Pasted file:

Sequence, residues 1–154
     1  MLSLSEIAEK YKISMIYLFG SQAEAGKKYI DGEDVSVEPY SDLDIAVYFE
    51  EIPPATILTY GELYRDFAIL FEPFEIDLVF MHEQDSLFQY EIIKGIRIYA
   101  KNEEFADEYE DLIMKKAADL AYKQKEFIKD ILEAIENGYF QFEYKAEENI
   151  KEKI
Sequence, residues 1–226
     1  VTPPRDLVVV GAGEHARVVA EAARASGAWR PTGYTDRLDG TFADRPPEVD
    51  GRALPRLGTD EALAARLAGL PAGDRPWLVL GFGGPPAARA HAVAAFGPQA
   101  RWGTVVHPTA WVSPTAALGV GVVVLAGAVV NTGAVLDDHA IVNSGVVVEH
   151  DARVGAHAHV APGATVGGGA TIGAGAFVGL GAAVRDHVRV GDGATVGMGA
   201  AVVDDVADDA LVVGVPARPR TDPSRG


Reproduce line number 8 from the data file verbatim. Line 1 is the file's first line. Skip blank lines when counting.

    51  GRALPRLGTD EALAARLAGL PAGDRPWLVL GFGGPPAARA HAVAAFGPQA